FICA tax funds Social Security Trust Funds and the Medicare Hospital Insurance Trust Fund, respectively, and pays for benefits related to those government programs. If you have earned income—which includes wages from an employer or self-employment—you’re likely subject to FICA tax. If you’re having trouble finding the Social Security tax deduction on your pay stub, don’t worry.
Employees pay 6.2% of their earnings for Social Security retirement benefits and their employer pays 6.2% for a total of 12.4% of a worker’s income. An additional 1.45% tax is also collected to fund Medicare benefits and this, too, is matched by employers. In that case, the employer withholds 6.2 percent on behalf of the employee, totaling $124, and then pays an additional 6.2 percent as the employer’s share, totaling $124. Thus, this employee will have a total of $248 paid into Social Security from his withholding and his employer’s matched payment.
The Self-Employed Contributions Act (SECA)
If you earn a wage or a salary, you’re likely subject to Federal Insurance Contributions Act taxes. Not to be confused with the federal income tax, FICA taxes fund the Social Security and Medicare programs. Also known as payroll taxes, FICA taxes are automatically deducted from your paycheck.
- As we mentioned above, FICA taxes go to funding two different programs—Social Security and Medicare.
- The Federal Insurance Contribution Act, introduced in the 1930s, requires employers and employees to contribute to Medicare and Social Security programs.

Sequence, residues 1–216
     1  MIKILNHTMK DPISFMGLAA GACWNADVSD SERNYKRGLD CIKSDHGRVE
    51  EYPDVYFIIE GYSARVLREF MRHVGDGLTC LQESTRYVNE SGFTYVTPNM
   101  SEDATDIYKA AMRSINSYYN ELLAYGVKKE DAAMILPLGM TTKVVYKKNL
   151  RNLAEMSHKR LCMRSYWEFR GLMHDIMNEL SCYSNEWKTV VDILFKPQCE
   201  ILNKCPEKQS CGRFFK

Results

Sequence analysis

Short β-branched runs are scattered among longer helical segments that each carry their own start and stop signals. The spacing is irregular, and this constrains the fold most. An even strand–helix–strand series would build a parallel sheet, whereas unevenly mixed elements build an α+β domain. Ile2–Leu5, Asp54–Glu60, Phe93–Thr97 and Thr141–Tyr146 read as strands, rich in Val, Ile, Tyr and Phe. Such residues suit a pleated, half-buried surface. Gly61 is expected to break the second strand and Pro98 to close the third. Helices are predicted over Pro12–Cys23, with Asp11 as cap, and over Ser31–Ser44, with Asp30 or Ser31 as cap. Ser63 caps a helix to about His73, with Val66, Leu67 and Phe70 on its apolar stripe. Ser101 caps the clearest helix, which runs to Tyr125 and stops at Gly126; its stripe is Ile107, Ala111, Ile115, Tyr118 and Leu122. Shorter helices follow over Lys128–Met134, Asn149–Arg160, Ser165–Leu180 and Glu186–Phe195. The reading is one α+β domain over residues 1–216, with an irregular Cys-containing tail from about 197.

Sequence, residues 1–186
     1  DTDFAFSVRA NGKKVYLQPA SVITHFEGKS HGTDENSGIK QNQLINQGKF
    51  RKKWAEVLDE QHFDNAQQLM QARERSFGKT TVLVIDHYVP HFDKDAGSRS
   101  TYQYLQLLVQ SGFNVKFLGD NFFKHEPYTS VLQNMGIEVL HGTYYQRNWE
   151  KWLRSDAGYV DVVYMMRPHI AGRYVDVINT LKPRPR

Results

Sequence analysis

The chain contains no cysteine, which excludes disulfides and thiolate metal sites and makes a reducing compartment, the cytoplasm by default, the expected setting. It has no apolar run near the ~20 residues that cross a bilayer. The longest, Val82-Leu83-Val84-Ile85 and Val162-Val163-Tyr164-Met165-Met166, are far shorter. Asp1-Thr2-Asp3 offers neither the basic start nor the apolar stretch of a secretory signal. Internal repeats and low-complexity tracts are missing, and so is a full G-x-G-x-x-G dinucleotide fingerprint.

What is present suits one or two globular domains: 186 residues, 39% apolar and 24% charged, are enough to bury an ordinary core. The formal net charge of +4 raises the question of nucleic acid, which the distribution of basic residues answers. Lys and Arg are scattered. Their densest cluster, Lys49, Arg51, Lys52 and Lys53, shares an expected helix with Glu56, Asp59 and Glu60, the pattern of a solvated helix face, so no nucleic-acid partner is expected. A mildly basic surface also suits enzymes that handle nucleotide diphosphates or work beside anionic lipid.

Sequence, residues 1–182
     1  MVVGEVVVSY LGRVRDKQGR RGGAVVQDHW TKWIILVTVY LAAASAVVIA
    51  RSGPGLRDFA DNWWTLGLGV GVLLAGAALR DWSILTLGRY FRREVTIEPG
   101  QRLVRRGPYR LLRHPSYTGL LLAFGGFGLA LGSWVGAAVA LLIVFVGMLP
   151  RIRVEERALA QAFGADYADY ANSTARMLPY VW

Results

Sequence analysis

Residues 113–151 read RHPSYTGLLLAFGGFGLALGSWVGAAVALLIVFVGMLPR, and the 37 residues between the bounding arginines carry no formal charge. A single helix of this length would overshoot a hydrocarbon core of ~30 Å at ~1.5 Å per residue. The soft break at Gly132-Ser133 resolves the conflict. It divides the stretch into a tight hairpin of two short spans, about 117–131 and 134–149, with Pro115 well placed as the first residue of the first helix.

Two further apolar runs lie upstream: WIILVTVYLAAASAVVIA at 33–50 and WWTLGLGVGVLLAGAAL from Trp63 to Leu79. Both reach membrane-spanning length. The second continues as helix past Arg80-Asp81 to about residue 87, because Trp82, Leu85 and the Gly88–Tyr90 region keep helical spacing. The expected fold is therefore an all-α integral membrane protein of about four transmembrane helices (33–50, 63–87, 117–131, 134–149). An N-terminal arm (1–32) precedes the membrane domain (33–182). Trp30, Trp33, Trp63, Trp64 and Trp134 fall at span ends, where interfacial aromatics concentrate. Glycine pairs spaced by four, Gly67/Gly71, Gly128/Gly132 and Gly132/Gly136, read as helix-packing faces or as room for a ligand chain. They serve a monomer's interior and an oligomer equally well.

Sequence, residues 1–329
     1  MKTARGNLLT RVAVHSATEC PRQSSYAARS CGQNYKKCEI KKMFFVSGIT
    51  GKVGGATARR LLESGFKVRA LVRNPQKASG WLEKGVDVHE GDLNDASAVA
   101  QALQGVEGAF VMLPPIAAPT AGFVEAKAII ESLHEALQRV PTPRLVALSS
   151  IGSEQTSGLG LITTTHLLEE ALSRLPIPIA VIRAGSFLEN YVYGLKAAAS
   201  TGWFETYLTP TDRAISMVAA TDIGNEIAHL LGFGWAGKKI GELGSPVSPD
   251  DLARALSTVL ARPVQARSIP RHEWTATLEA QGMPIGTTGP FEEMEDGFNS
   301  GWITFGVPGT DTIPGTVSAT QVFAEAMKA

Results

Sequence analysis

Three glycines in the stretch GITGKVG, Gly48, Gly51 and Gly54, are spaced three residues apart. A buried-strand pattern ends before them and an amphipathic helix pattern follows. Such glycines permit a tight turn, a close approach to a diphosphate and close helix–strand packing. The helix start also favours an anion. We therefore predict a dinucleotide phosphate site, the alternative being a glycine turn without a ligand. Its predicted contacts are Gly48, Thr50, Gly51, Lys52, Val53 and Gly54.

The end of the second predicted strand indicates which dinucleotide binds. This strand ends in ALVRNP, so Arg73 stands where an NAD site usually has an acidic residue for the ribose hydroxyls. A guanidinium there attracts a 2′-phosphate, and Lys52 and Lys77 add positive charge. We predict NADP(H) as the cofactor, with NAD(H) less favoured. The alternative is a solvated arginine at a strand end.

- To figure out how much you owe, you can use the worksheet and instructions provided by the IRS for Form 1040-ES.
- Once the threshold is reached, the tax applies to all wages that are currently subject to Medicare tax, to the Railroad Retirement Tax Act, or to the Self-Employment Contributions Act (SECA).
But if you’re an American and an employee (or an employer), chances are you’re one of the lucky millions required to pay into FICA. The Federal Insurance Contributions Act was passed in 1935 to create a funding mechanism for Social Security. However, the federal government did not begin to collect FICA payroll taxes until 1937. Since then, a Medicare payroll tax was added in 1965 to contribute to Medicare costs. If it’s below the wage base for a particular employee, then the FICA tax rate applied is 7.65%. If it’s above the wage base, you need to use the Social Security tax rate to wages up to the wage base and the Medicare tax rate to all compensation.
Are There Additional Employer Responsibilities for FICA Taxes?
FICA tax deductions also provide benefits to widows and widowers, children who have lost working parents, and disabled workers who qualify for benefits. The amount paid in payroll taxes throughout one’s working career is linked investment fund accounting to the Social Security benefit that one receives as a retiree or one’s family receives if a covered worker dies. Two separate taxes are added together and treated as one amount that is referred to as “payroll taxes” or FICA.
Do I Have to Pay FICA?
Thus, for monthly filing, your FICA taxes are due to the IRS by the 15th of the month following payroll. Both Social Security and Medicare taxes are “insurance” taxes. Social Security includes the old-age, survivors, and disability insurance taxes. The FICA tax also is not imposed on unearned income, including interest on savings deposits, stock dividends, and capital gains such as profits from the sale of stock or real estate. The proportion of total income that is exempt from FICA tax as “unearned income” tends to rise with higher income brackets.